Serious problem. You have a serious problem my friend. It is bad enough to have diabetes with a foot ulcer. And now you have pad. That pain you feel is from the pad. There may be no amount of pain medication that will relieve your pain. The pain is from a lack of oxygen to your foot. This needs to be evaluated and perhaps corrected asap by a vascular surgeon. It will help the pain and help you heal. Read more...

Can derma wound cream help treat diabetic foot ulcers?

Diabetic foot ulcer. You should not try to treat a diabetic foot ulcer by yourself. There are 4000+ wound care products, most of them sterile out of the package, so the choice of one product over another requires some help. A foot ulcer in a diabetic requires professional attention as quickly as possible. Do not delay! contact your primary care physician, podiatrist, or wound care center asap. Read more...
See a physician. Diabetic wounds should always be followed by a medical professional who will ensure that you do not have an infection of the soft tissue or worse, the bone(s) beneath the wound. Left untreated, a diabetic wound can rapidly become a more serious problem. Schedule an appointment with a foot and ankle specialist with training and interest in wound management. Read more...
Yes but... Derma cream is just one modality. Wound care requires multi-discipline input for proper wound healing. There are multiple modalities and multiple strategies to get a wound closed but it takes a knowledgeable well trained specialist to know when to implement the appropriate treatment during the course of wound healing. Read more...
Depends. It depends on the type of wound that is present. If it is a wound close to the surface of the skin, it may help. You should have a physician specialized in wound care or a podiatrist look at the wound and make a treatment decision. Read more...
Have it evaluated. Get it professional evaluated and treated. Diabetic foot wounds are no joke. Treatment is a multifactorial process. Read more...

Is there any type of medical management for a stage 2 diabetic foot ulcer?

Diabetic foot ulcer. You need to see a specialist as soon as possible. Some suggestions include wound specialists, podiatrists, primary care physicians, etc. An ulceration in a diabetic in the foot requires attention. I am puzzled by your description of a 'stage 2' as this is not the way to classify these types of ulcerations -- that descriptor is reserved for pressure ulcer classification. Read more...
Yes. A team approach is best. Have a podiatrist manage the foot wound. Off-loading is important. Debriding any necrotic tissue etc. Your internist or endocronologist needs to make sure to optimize blood glucose levels as well as other co-morbidities. Circulatory status must be assessed and if needed a vascular consultation. Read more...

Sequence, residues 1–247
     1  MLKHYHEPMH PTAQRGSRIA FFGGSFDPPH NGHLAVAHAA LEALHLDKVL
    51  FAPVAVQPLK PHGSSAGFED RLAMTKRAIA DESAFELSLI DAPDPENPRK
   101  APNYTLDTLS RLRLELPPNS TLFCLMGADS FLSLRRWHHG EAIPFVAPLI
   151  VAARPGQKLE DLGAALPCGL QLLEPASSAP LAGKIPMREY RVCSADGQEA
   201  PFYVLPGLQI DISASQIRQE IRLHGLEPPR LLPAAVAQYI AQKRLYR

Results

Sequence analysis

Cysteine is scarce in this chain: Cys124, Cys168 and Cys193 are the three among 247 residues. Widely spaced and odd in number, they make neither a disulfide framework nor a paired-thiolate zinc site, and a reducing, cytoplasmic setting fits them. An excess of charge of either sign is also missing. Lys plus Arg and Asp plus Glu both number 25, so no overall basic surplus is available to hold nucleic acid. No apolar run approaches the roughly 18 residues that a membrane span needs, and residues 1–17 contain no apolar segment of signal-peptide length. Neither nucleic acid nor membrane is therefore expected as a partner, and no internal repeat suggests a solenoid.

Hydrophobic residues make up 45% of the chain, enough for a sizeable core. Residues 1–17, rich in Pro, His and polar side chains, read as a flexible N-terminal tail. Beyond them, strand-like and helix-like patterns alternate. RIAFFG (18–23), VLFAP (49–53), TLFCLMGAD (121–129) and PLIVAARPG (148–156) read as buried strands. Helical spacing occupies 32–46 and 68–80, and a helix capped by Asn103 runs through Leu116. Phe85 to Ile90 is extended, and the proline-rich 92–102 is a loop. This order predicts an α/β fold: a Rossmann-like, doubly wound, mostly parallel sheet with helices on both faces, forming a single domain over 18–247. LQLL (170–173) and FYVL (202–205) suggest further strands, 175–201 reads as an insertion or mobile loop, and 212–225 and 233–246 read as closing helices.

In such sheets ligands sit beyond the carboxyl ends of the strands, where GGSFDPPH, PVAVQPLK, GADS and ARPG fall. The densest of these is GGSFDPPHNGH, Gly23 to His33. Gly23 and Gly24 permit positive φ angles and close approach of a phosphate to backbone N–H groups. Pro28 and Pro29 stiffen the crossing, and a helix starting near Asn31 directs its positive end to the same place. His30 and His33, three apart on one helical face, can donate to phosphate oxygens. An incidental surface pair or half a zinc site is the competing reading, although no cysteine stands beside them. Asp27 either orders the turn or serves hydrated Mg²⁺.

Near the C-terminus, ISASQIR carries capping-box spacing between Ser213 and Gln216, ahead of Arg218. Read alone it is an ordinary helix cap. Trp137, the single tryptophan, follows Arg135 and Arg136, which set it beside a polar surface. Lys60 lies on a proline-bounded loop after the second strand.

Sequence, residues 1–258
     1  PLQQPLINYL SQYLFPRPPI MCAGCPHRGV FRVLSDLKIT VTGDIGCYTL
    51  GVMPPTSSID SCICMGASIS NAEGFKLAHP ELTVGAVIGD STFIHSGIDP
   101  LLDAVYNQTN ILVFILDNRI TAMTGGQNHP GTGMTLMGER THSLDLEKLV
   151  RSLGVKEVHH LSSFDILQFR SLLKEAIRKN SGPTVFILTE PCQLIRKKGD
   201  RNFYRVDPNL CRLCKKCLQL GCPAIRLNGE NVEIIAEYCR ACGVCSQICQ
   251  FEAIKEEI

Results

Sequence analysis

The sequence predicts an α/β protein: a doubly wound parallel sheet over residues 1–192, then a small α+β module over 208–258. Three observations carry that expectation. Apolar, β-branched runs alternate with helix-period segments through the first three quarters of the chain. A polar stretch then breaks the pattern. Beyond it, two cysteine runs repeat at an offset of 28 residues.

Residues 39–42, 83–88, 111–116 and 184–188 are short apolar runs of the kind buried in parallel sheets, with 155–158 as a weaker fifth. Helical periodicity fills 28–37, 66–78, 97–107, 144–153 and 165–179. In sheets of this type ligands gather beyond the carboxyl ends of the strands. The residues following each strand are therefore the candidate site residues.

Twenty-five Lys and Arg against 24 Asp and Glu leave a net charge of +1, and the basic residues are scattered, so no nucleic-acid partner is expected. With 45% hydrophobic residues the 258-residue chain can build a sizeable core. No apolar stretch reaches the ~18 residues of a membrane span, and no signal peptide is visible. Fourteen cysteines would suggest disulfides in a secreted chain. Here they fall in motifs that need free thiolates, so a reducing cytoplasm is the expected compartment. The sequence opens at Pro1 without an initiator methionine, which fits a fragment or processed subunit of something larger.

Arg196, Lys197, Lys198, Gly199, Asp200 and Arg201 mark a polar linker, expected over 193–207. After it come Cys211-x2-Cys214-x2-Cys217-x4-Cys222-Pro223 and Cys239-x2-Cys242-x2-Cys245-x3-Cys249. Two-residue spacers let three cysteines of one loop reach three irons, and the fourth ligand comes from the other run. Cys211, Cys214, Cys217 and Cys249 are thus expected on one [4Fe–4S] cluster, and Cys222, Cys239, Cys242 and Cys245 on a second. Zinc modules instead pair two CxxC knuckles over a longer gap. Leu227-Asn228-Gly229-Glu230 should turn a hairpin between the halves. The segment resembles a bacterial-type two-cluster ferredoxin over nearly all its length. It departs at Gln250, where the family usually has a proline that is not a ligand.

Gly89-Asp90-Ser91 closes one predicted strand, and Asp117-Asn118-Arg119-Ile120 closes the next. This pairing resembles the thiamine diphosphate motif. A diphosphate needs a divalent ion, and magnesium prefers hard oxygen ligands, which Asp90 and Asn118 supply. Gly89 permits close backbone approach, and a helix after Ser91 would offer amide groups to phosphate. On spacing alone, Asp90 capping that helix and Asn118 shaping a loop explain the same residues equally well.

Yes but... Wound care requires multi-discipline input for proper wound healing. There are multiple modalities and multiple strategies to get a wound closed but it takes a knowledgeable well trained specialist to know when to implement the appropriate treatment during the course of wound healing similar to a conductor leading an orchestra. Read more...
Team approach. Treatment includes infection control, offloading, optimizing circulation and nutrition, and wound care. Optimal outcomes can be achieved when your primary physician work together with a podiatrist, neurologist, endocrinologist, vascular surgeon, orthopedist, nutritionist, infectious disease specialist, and pedorthist when indicated. Inappropriate treatment can lead to infection and amputation. Read more...
Yes. You have to find a wound care doctor, usually a local Podiatrist. Your wound has to be assessed and managed. There are a variety of protocols for wound healing that are successful. I highly urge you to not treat it yourself and seek out professional help. Read more...

Can you tell me how hyperbaric oxygen therapy (hbot) treat diabetic foot ulcers?

Involved question... HBOT works on increasing oxygen delivery to tissue that may not have good blood flow. Oxygen is imperative if you want healing to occur. http://www.palmettohealth.org/documents/documents/HyperbaricBrochure.pdf . Read more...

Can somebody tell me how can hyperbaric oxygen therapy (hbot) treat diabetic foot ulcers?

Diabetic Foot ulcers. Hyperbaric oxygen can be used as an adjunctive therapy for diabetic foot ulcers under two main conditions: when the ulceration is deep to the muscle, tendon and bone with signs of infection; and or if there is a bone infection that is chronic and refractory to other treatments. Read more...
Oxygen concentration. Under pressure, the oxygen concentration in the serum and adjacent tissues increase allowing for a temporary improved oxygen delivery to the wound. Read more...
By definition. all wounds are ischemic. meaning they don't have enough oxygen for healing. HBOT super-saturates the wound increasing the chance for healing. Read more...